The only legitimate connection between Christ and Christmas trees may be the fact that God woke up on the third day and created plant life, but there's no denying they have their place amongst claymation Santas and "holiday"-colored M&M;'s as symbols of the modern Christmas — and that's okay. As symbols of religious freedom, however, they're superficial things. Getting up in arms about them only obscures the true attacks on religious liberty.
If you listen to Bill O'Reilly, he'll tell you all about the "anti-Christian" conspiracy, and how the removal of nativity scenes fits into the grand scheme of a secularist vs. traditionalist "civil war". Though I believe his scope is somewhat limited, he's not wrong to call it a civil war. In fact, what's going on in our courts and legislatures right now is more a civil war than the Civil War itself. The factions vying for Washington today lobby a federal government unchecked in power since Robert E. Lee shook hands with Ulysses S. Grant at Appomattox.
It was Grant, after all, who made Christmas a federal holiday a few short years thereafter.
In an ideal — i.e., decentralized — America, a largely Christian community could have its Christmas trees, and a largely gay community could have its gay marriages, and neither would fall pawn to the special interests wishing to micromanage town hall meetings from sea to shining sea. Everyone's got an agenda. Every politician's got a price. Nobody's perfect, but the imposition of one person's views on another's is a non-issue in a world where people leave each other alone.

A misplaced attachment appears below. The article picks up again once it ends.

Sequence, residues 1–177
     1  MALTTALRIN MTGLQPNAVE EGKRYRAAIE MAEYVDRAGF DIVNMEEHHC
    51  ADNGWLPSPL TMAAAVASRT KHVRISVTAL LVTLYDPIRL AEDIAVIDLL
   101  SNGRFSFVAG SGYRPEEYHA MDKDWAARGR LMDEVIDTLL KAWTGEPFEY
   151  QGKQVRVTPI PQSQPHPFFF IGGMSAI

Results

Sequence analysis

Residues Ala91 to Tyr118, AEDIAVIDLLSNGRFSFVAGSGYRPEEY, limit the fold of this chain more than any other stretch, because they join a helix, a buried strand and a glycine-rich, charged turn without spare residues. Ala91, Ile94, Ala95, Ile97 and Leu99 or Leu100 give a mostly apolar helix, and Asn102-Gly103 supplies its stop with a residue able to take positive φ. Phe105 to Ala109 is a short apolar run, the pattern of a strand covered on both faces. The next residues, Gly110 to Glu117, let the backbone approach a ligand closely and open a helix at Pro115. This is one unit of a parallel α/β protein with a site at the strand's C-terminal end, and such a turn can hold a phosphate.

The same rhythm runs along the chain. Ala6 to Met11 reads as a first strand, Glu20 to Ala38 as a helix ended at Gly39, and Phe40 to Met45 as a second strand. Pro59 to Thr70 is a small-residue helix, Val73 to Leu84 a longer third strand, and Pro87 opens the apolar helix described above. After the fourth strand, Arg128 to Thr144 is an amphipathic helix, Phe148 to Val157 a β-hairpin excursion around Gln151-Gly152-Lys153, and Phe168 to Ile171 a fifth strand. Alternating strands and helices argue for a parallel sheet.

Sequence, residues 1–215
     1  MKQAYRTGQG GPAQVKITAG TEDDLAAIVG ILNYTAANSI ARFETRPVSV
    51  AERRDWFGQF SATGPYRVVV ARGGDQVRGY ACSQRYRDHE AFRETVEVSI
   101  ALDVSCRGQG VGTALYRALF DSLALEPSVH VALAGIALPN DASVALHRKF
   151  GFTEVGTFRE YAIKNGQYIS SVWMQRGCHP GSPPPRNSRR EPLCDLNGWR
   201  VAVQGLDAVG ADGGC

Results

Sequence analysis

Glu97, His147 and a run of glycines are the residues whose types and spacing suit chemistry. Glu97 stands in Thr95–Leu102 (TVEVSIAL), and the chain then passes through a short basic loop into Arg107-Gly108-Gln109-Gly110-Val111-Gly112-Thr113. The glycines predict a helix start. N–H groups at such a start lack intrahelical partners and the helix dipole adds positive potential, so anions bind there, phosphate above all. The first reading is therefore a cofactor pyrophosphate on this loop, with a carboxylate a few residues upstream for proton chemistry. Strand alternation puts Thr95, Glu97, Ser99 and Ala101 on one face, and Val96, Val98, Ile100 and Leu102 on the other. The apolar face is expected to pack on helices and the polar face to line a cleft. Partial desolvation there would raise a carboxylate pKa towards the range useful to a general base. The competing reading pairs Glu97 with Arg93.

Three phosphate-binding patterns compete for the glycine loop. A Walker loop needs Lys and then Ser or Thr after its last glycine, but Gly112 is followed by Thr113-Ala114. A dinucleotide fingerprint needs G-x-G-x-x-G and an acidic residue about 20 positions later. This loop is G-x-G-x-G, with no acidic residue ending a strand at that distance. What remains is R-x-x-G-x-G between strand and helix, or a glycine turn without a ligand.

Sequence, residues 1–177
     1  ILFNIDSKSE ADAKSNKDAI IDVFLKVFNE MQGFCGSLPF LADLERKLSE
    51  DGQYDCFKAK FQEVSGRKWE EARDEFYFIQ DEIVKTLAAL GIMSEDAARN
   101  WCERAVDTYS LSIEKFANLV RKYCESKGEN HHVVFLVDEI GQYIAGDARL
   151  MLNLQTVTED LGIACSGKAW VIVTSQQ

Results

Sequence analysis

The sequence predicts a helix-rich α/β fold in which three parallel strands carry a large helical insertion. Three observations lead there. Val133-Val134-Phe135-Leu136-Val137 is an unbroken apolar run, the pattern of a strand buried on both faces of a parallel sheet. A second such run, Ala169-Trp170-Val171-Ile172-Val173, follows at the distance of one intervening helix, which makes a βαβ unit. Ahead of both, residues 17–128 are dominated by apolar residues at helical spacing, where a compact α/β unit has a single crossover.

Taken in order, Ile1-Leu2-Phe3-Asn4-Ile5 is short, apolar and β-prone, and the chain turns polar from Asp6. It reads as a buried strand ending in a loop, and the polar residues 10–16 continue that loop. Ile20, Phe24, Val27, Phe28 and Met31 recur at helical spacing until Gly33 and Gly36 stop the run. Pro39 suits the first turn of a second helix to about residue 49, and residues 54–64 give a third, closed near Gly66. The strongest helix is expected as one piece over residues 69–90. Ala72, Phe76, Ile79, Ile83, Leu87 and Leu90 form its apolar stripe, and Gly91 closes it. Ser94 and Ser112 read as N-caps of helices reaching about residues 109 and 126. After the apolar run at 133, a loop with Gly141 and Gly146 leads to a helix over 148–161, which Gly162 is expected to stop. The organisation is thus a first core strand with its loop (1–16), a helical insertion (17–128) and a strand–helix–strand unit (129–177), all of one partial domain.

That's not the world we live in, unfortunately. In our world, people not only force their views upon others, but they appeal to the highest of all authorities — the God-State — in so doing. The political spectrum's peppered with all sorts of social engineers, and the God-State happily plays them against each other, leading them along with the golden calf that is our glorious pork barrel. You and I are forced to fund this vicious cycle by tithing large chunks of our paychecks twice monthly. We go along with it, too, swayed by the broad, impossible promises of our all-knowing, ever-growing, and often-incompetent God-State.
The result? Wide-open borders. Welfare. All-gay high schools. Congested roads perpetually under construction.
Yet government waste goes on and on. It's a lot like receiving coal in your Christmas stocking — except, unlike the government, you can find a use for coal.
So think about this while they're ringing up the sales tax on your last minute Christmas gifts this year. Think about it the next time someone tells you the banning of a few plastic statues means religious liberty's under attack. After all, the only reason Jesus was born out on the road was because Joseph and Mary had to go pay taxes — and if that doesn't irk you, nothing will.
But hey, a merry Christmas, happy Hanukkah, jovial Kwanzaa, and slaphappy Solstice to you.
Jonathan David Morris is a political satirist based in New Jersey. A strong believer in small government, JDM often takes aim at oppressive taxes, entitlements, and laws, writing about incompetence at the highest levels of culture and government. You can catch more of JDM's ramblings at readjdm.com.
© Copyright 2003 by Jonathan David Morris